Rick Adelman. Hall of Fame coach?
Sam: It’s one you don’t think of, but I’d say yes. He’s getting more than 1,000 wins, and generally NBA coaches have a harder time with the Hall of Fame. The reason is so many have to take over poor teams some time in their careers, which reduces their records and winning percentages. Adelman has done that now with the Timberwolves, though he’s at 60 percent overall and has taken two Portland teams to the Finals and just barely missed with the Kings. But guys like Bill Fitch get overlooked because of running up so many losses because unlike college coaches they don’t get to schedule their games. For many college coaches—though certainly all—they have to actually coach about six games a year and still win 20 games. Between the bozos they line up preseason and the bad conference teams, a decent recruiter generally walks into 20-plus wins.
I keep reading about how Jimmy Butler is seen as a defensive specialist, and that he won't contribute much offensively and I just don't get it. I watched Jimmy throughout college at Marquette, and he was the team's leading scorer for a couple seasons. I know the pace and such is different between college and the pros, but I also don't think he's forgotten how to score. How come Butler couldn't also be a solid contributor offensively, especially with the scoring issues from the Bulls bench right now.
Sam: I think he can be better, but sometimes players come to see themselves in the roles spelled out for them by the team. Jimmy’s was as a defender and he was basically told that’s how he’d get on the court. So he did that and stayed away from offense. He worked on it, but he’s been shy about shooting. He’s come on some and looked more for his shot the last few games. Still, he’s been reluctant to shoot threes. Thibodeau has given him more time at shooting guard, and while he makes some spectacular follow shots, he doesn’t help spread the floor. So the Bulls spacing breaks down when they have a lineup like they finished with against the Rockets with Butler, Gibson, Noah, Deng and Robinson. Plus, the Bulls are 29th in the league in three point shooting at a pathetic 28.5 percent. So teams are squeezing the court and daring them to make threes. Thus the middle closes and they end up shooting a lot of bad jump shots like they did against the Rockets.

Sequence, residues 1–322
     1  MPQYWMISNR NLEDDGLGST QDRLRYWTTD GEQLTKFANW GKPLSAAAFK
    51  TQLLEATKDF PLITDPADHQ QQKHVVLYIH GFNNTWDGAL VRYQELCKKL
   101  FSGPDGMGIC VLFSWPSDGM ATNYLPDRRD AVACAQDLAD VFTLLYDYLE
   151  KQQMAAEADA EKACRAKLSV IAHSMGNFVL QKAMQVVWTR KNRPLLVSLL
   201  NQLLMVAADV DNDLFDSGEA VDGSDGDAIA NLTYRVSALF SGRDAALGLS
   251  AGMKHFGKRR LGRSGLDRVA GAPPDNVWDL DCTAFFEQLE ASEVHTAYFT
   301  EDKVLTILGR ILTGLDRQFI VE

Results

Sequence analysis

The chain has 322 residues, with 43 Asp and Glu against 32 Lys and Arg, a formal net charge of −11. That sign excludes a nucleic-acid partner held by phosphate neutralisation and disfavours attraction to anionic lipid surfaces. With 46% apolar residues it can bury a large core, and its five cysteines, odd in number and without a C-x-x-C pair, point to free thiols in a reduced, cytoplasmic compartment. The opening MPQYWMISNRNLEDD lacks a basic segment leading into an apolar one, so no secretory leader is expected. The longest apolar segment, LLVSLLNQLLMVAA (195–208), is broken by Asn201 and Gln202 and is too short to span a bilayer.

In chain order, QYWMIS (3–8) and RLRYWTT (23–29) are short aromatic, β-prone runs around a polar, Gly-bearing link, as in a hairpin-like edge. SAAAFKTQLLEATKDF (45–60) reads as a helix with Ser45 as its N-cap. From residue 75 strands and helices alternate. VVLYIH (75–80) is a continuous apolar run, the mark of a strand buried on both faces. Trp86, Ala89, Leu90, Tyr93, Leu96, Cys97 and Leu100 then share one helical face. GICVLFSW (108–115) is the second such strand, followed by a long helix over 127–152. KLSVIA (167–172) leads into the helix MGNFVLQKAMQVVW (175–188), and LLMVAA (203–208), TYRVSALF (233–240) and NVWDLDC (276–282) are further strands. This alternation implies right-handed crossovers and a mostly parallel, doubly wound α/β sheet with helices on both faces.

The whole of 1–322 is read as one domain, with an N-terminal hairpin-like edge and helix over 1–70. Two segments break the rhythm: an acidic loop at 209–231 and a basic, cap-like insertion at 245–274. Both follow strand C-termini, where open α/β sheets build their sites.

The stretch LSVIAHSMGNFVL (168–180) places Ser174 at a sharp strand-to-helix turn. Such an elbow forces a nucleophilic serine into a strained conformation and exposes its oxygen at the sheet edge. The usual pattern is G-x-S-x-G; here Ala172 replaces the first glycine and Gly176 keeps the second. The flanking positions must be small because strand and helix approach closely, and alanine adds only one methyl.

Will Jimmy Butler compete in the dunk contest? It looks like he enjoys those putbacks and breakaways.
Sam: He does make some spectacular putback plays, but I’m not sure the league office knows who he is yet.
Is it too early to suggest the Bulls management made a minor miscalculation in providing Gibson the contract extension instead of Asik? I know the Gibson extension has a kind of “feel good” story to it but would the Bulls have been better served to pair Rose with a mini-twin towers approach with Asik and Noah in the front court? The luxury that front court gives you is it provides the opportunity to focus on offensive minded players on the wing to fill the rotation out. Furthermore, it’s never been about this year anyway so maybe in the interim you rotate Asik, Noah and Boozer and you could have shopped Gibson in the off-season for some offensive help or draft picks? I don’t think Gibson’s a bad player by any means. He'll be a valuable, productive rotation player, if not starter, and I understand he’s also in a slump. But having Rose with two young, active, defensive minded seven footers in their prime, no less, would have had the makings of a dangerous team, especially to the Heat.